The US is the -- United States as I said had its softness, it's a much more mature market, but it is starting to -- we are seeing some signs of improvement end of June, early July and whether that's consistent with the economy, we don't know. I am not an economist and we don't know where the economy is going to go, but it has been little stronger but not sufficiently strong for us to really perceive any real trend.

Mark Astrachan - Stifel Nicolaus

Finally on the promotional allowances it seems like that went up a little bit sequentially versus the first quarter and I think directionally different than what it was expected. What was kind of going on in that number that as it led to the increase versus what we have seen?

Rodney Sacks

I just think some of the chain accounts seem to have, some of the -- the annual programs just seem to have hit little higher in this quarter than the first quarter. We did sign some programs, we did few things that were sort of hadn't been budgeted for things like Jenson Button sponsorship, that's the formula one driver who was head of the championship. We had a unique opportunity right as the season -- season started to get a sponsorship with him for the rest of the season and he was heading the -- still is heading the world championship. He hasn't won the last couple of races, but we've got enormous exposure overseas and around the world because Formula 1 is probably the premium motor sport internationally. These are the things that we decided to get in to -- on an ad hoc basis. I just don’t know that what else was happening -- we did some coupon programs with Java Monster in the period which we were probably a little higher. On the other hand we also went into a program which is -- we've taken the share of -- basically off road truck racing series and we are involved in the series which is again its another strategy we have on some of our marketing to be able to basically turn the control ongoing participation and costs in marketing in the series and so we're still just sponsoring the drivers in the series. This is the -- tracks is of (inaudible) which is been race at the moment and is being shown on TV, so, we have a stake in the actual series now and so that cost came into the second quarter, so that was one of the other costs that was higher that hadn’t been probably budgeted for initially in the first early part of the year to something we only -- decided to go into the opportunity arose during the course of the year.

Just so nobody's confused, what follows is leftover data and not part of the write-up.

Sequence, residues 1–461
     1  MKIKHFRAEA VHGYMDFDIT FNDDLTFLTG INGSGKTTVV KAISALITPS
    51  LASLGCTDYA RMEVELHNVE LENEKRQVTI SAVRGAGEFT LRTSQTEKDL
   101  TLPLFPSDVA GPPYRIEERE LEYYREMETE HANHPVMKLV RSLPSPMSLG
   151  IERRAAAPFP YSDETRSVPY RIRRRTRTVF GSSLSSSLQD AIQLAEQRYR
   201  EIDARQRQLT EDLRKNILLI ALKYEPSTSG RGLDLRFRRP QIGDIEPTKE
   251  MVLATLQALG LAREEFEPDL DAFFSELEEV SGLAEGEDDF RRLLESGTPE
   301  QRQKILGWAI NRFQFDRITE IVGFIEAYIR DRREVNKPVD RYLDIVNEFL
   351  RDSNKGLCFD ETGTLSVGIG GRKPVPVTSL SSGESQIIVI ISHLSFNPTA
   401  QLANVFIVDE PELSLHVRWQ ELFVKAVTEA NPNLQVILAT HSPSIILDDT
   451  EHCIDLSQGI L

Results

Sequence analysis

That concludes our time for today's question-and-answer session. I would like to turn the call back to Mr. Sacks for any closing comments at this time.

Rodney Sacks

We have been seen a lot of tough times in the beverage industry in the last -- for this year. As we said that we have seen sort of some signs of better -- our sales seemed to be better going into July. We have new products that we are really -- only really now getting into the force of getting out into the market, so, they really had no real impact in the second quarter. We are hopeful they will have some impact for us going forward. As with all new products, you don't know what they are -- how they are going to turn out. We are very hopeful for them.

We've also -- to help us expand and also manage our business more closely, we've taken on a new Chief Operating Officer for the Monster brand, Nick Gagliardi who has come with a lot of industry experience both from consumer product side and from managing from a -- a brand in the beer industry from the brand starts from the best and he got also lot of experience in managing and running, operating actual distributorships.

So, we think he got a lot of good round of experience and he is going to be a great asset to the business and to helping us manage the brand going forward. We are starting to see some good results in the non-traditional beverage categories. As of indicated the Home Depots, Best Buys, Carl's Jr. and we think that those are also going to be positive. In the UK, we've been very fortunate to have been able to tied up a long-term supply -- exclusive supply arrangement with Wetherspoon which is one of the largest on-premise pub operators in the UK, certainly in sales and volume they are one of the most aggressive, so, this is pretty much the -- I would the premiere on-premise chain account we could have got in the UK. We've managed to secure that from Red Bull and we have that going forward for some years. We think that's going to be a very important account for us as just -- as an indicator for the on-premise channel in the UK and also for sampling and exposure and image in the UK market as we continue to getting to the market and secure additional distribution and we think sales volumes.

So we think we do have some positive things going on, going for the brand going forward and for the company. We all looking forward to a positive second half of the year. Thank you very much for your attendance.


Thank you. Ladies and gentlemen, this concludes the Hansen Natural Corporation second quarter 2009 financial result conference call. We thank you for your participation. You may now disconnect.